Last week I had one of those rare perfect moments that Spalding Gray spoke of so eloquently in Swimming to Cambodia. These moments, which only occur a few times in your life, are brief interludes whereby you are living in that precise moment in a state of perfect bliss and nothing else exists.
I had some time to kill before a play started and I found myself wandering around the East Village on a balmy evening. I had spent a sizable chunk of my life living down there but hadn’t realized how long it had been since I visited or how much those streets mean to me. Those were among the best days of my life and I got all goopy.
I wandered into St. Mark’s Books and looked at all the small press chapbooks and art books. It’s the kind of stuff that you can’t find in retail book stores. And I’m not slamming the chains. There’s just not an audience for it. I love the smell of that place. It smells like paper and glue and dust.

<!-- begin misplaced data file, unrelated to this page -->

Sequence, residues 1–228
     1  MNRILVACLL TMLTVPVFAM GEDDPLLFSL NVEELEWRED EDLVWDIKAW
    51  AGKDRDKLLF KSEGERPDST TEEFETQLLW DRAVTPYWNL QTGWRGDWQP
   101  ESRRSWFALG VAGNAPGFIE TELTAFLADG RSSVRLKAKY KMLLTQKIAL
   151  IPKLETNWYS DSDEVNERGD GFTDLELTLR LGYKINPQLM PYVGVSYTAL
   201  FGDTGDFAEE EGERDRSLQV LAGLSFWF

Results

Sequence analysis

I took a slow walk down 9th Street, right on 2nd Avenue and then right on St. Mark’s Place. It’s the heart of the neighborhood. I stopped at Mamoun’s falafel joint for a bite. It was so nice out that I ordered a scrumptious falafel platter and took it outside and ate al fresco—not something you can typically do the first week of December out here. My platter—six falafel balls, salad and two pita—cost a measly $5.
I had dinner and watched the grand parade. The NYU students. The misfits. The artists and the malcontents. I don’t fit any of those microcosms and don’t know how it came to be that I felt so at home there for so many years.
Aside from the great food and the ambiance, Mamoun’s has very agreeable hours: 11:00 a.m. to 5:00 a.m., 365 days a year.
I know what I’m needing
And I don’t want to waste more time
I’m in a New York state of mind